Report: State water quality declining
Summit County correspondent
SUMMIT COUNTY ” Continued population growth, together with oil and gas development, represent intensifying threats to water quality in the state, according to a new report from Environment Colorado.
Using data from the EPA and the Colorado Water Quality Control Division (WQCD) the report concludes that water quality in Colorado has declined in recent years.
The percentage of Colorado streams deemed fishable or swimmable declined by seven percent, while the number of stream segments classified as impaired rose 53 percent between 1998 and 2006.
But at least part of that reported decline is due to better data collection and monitoring, said WQCD director Steve Gunderson.
“The number one reason we see more impairments is we have more data. And standards are tighter,” Gunderson said. The most common pollutant statewide is selenium, affecting 25 percent of all impaired stream reaches. Second on the list is zinc, a common pollutant from abandoned mines that affects Summit County’s watersheds.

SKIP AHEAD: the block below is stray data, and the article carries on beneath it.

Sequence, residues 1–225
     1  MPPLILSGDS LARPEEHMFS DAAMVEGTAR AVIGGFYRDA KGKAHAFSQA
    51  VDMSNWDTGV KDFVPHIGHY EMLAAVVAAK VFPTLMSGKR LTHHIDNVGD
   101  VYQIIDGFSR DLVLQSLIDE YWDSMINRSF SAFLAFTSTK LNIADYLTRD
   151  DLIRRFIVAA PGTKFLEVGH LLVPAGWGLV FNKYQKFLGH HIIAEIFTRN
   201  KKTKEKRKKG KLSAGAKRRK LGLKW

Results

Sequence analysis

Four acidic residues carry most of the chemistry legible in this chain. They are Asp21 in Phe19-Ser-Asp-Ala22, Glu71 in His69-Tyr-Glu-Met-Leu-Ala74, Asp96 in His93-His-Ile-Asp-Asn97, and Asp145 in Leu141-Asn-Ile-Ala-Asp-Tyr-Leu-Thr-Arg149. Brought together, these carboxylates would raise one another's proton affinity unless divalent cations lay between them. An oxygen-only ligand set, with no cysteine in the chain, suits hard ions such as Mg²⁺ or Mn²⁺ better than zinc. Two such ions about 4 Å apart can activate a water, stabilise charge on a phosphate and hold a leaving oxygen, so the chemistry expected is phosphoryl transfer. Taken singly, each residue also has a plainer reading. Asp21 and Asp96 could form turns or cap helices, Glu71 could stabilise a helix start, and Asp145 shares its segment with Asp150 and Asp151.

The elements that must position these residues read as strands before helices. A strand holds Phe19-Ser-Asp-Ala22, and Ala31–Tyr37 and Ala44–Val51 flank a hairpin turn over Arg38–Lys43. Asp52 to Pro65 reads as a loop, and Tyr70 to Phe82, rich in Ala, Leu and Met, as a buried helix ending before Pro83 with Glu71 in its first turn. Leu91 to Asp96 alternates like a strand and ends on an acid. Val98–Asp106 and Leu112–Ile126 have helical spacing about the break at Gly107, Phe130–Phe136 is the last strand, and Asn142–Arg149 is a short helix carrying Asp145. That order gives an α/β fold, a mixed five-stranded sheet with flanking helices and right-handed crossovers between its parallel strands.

With cleanups in various stages of planning and execution, and stringent controls on discharges, water quality in Summit County is holding its own, said Lane Wyatt, of the Northwest Colorado Council of Governments.
A fairly complete historical record of data shows that water quality in Dillon Reservoir remains outstanding, Wyatt said. Similarly, monitoring from some other locations shows improved water quality, including Straight Creek (flowing down from the Eisenhower Tunnel to Dillon).
Intensive work by the Colorado Department of Transportation has paid off in that drainage by measurably reducing sediment loading, according to Wyatt.
Several projects recently completed under the leadership of the county’s open space department are also promising improved waters, including a Horseshoe Basin mine cleanup high in the Peru Creek drainage and a Blue River restoration project at Fourmile Bridge, between Frisco and Breckenridge.